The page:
Streets Ice Cream - A salient reminder from Australia20 November 2017
If you can’t remember NZ industrial relations in the 1970s study this Australian example of what could happen under the Fair Pay Agreements the Government is proposing.
The industrial relations environment at Streets Minto site in Campbelltown, some 50km South West of Sydney is anything but sweet, as the Unions are running campaigns encouraging consumers to boycott the brand over what it says is a proposed 46% cut to wages.
The fact is the parties entered into an enterprise agreement, that provides for terms and conditions including rates of pay that are well in excess of those contained in the relevant Modern Award.
In August 2017, Unilever made an application to the Fair Work Commission (FWC) to terminate the enterprise agreement, so it could return to coverage by the relevant Modern Awards which provide for lesser terms and conditions of employment. That decision was made following sixteen months of negotiations where the parties reached an in-principle agreement but that was subsequently voted down by employees.
Unilever states that its Minto operation is their most expensive factory to run in the world, and it is currently almost 30 per cent cheaper to import a Magnum Classic ice cream made in Europe than to make the same ice cream in Minto, even when the cost of 16,000 kilometres of frozen transport is factored into the equation.
According to its press release on the matter, Unilever is seeking flexibility in its enterprise agreement which will allow it to be competitive. The restrictions on competitiveness include:
- Minimum manning levels to operate production lines that can render an entire line inoperable when 1 or 2 employees are on leave or on a break.
- Restrictions on the employment of casual, fixed term and seasonal staff meaning that at times there are more staff than needed at the factory, yet a line still can't be run because those staff can't be trained and allocated where needed.
- Permanent staff are not allowed to move around the factory to work on different parts of the production process even if they are appropriately trained.
If an agreement is not reached, the business is likely to act rationally and simply offshore these Australian manufacturing jobs. While it will be difficult for the Unions to sustain their boycott campaign to a degree significant enough to counter the allure of the impulse ice-cream purchase, any effect that the campaign may have on Unilever's profitability will mean the company has less money to satisfy its wage bill. However, the reputational damage caused by a boycott campaign may be translated into industrial pressure by the Unions in their battle to preserve the status quo in Minto.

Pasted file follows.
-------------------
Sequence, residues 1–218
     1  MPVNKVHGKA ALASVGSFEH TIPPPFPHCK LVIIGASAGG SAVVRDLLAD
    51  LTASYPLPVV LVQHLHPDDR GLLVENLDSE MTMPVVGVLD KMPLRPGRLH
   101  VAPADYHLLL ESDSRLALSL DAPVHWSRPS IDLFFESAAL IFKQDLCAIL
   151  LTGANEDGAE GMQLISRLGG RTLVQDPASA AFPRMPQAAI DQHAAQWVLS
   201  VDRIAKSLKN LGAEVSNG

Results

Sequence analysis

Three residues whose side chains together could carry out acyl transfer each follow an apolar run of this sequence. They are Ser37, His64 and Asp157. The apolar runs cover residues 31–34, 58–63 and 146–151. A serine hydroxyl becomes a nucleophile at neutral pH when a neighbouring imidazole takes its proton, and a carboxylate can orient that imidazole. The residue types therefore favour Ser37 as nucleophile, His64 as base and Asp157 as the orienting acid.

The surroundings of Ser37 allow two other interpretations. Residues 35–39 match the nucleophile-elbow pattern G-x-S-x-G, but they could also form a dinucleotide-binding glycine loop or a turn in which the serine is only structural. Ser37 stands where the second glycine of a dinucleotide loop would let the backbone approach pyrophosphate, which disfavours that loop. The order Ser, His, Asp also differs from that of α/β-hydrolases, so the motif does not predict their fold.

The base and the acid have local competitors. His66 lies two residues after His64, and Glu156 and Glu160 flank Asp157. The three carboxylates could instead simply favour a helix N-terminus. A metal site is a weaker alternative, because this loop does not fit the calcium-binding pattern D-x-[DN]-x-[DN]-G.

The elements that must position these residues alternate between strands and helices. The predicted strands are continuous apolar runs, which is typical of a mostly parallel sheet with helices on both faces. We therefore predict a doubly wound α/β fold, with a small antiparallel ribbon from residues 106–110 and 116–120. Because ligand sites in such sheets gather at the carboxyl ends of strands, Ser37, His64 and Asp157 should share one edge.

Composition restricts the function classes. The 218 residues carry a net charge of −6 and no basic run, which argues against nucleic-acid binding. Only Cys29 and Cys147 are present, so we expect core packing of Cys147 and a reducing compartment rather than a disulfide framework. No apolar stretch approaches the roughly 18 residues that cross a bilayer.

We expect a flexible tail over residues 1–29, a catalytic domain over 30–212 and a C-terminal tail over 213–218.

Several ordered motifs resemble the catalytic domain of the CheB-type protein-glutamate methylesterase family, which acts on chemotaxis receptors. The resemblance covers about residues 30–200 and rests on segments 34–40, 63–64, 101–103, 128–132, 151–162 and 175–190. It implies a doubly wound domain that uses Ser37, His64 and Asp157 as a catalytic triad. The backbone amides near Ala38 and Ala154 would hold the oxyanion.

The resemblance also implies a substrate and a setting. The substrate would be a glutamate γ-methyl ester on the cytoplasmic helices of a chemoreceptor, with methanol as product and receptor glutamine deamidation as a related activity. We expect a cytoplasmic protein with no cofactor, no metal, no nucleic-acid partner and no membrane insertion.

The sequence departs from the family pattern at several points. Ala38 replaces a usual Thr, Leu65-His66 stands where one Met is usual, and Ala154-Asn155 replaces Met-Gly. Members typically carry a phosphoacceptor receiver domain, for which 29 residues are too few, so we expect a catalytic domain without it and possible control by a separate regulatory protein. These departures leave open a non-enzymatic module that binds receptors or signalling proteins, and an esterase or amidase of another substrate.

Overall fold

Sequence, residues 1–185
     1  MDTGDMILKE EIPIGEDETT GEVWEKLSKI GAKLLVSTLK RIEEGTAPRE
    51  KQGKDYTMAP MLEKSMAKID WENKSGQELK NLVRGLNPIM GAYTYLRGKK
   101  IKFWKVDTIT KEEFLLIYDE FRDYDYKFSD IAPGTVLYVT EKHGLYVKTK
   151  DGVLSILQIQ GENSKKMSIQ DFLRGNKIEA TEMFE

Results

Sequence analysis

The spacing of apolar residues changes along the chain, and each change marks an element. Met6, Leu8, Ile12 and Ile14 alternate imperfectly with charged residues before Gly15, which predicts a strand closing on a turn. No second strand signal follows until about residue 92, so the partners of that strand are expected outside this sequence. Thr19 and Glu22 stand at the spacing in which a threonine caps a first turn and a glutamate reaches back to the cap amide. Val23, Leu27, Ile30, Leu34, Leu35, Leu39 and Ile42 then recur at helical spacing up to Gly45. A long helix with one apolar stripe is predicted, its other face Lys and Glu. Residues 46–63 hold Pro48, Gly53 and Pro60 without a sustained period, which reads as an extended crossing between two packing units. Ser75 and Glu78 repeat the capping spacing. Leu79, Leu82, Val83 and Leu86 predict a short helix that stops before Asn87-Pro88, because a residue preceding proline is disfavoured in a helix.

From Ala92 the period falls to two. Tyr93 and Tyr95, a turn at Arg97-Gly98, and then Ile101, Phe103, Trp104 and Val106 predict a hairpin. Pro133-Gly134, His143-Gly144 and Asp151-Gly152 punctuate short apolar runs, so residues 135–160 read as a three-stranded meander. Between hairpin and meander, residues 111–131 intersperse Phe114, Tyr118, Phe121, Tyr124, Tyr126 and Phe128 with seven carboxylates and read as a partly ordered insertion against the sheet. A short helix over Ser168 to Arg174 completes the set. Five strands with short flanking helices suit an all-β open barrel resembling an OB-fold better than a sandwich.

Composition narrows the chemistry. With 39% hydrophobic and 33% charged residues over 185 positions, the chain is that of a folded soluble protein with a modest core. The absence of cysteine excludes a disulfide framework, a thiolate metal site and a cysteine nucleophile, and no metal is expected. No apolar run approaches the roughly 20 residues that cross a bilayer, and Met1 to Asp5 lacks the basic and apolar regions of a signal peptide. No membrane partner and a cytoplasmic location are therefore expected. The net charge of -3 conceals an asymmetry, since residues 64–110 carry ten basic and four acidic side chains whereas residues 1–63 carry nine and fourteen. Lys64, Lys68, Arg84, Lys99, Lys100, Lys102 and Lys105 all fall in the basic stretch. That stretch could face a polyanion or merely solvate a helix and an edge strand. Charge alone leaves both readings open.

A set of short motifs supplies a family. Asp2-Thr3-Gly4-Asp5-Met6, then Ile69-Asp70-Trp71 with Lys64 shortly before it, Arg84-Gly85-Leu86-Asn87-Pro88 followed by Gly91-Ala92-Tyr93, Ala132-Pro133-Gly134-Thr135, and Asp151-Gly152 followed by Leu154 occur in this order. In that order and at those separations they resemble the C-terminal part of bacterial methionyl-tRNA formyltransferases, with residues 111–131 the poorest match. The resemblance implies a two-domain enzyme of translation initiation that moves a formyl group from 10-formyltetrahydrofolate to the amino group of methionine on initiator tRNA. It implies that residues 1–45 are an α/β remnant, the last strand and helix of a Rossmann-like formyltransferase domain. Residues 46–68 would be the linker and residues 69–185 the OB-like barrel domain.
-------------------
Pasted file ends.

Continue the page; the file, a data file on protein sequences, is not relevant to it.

Termination of Enterprise Agreement
You may be wondering how a party can terminate an enterprise agreement. Essentially, there are two ways:
- By genuine agreement of the parties, and approval of the FWC.
- By one party to the enterprise agreement successfully applying to the FWC after the nominal expiry date of the agreement.
If the parties to an enterprise agreement agree to terminate it, that can’t occur unless the majority of the employees concerned vote in favour of termination.
This is most likely to occur where a business can successfully convince its employees that termination of the enterprise agreement is the best way employees can avoid job losses, or that employees will be able to achieve better career progression or performance-based incentives once restrictive terms in an enterprise agreement are set aside.
If the FWC is satisfied that genuine agreement has been reached, then it should approve the termination.
Termination by unilateral application to the FWC is the more common approach and the one Unilever has chosen to take.
Once the nominal expiry date of the enterprise agreement has passed, a party to the agreement may make an application to the FWC for the termination of it. Under section 226 of the Fair Work Act 2009 (Cth), the FWC must terminate the agreement if it:
- Is satisfied that it is not contrary to the public interest to do so, and
- Considers it appropriate to terminate the agreement.
In determining the 'appropriateness' of termination the FWC will consider all the circumstances, including:
- The views of the employees, each employer, and each Union covered by the agreement; and
- The circumstances of the employees, employers, and Unions including the likely effect the termination will have on each of them.
Applying to terminate an enterprise agreement without the agreement of the other party (or parties) is a strong move that can provide powerful leverage in industrial negotiations. Recent decisions by the FWC seem to indicate that it is not as difficult as it used to be for such applications to succeed. Where attempts at mutual interest bargaining, and constructively and collaboratively resolving disputes have failed, a business may be left with little other option but to make such an application, or else face the real prospect of closing its doors.